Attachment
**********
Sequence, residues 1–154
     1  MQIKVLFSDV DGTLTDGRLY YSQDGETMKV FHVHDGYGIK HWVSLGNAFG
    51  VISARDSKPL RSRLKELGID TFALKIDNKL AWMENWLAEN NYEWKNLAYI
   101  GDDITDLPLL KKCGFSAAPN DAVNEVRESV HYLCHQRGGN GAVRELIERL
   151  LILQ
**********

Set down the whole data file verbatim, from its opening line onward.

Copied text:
Sequence, residues 1–154
     1  MQIKVLFSDV DGTLTDGRLY YSQDGETMKV FHVHDGYGIK HWVSLGNAFG
    51  VISARDSKPL RSRLKELGID TFALKIDNKL AWMENWLAEN NYEWKNLAYI
   101  GDDITDLPLL KKCGFSAAPN DAVNEVRESV HYLCHQRGGN GAVRELIERL
   151  LILQ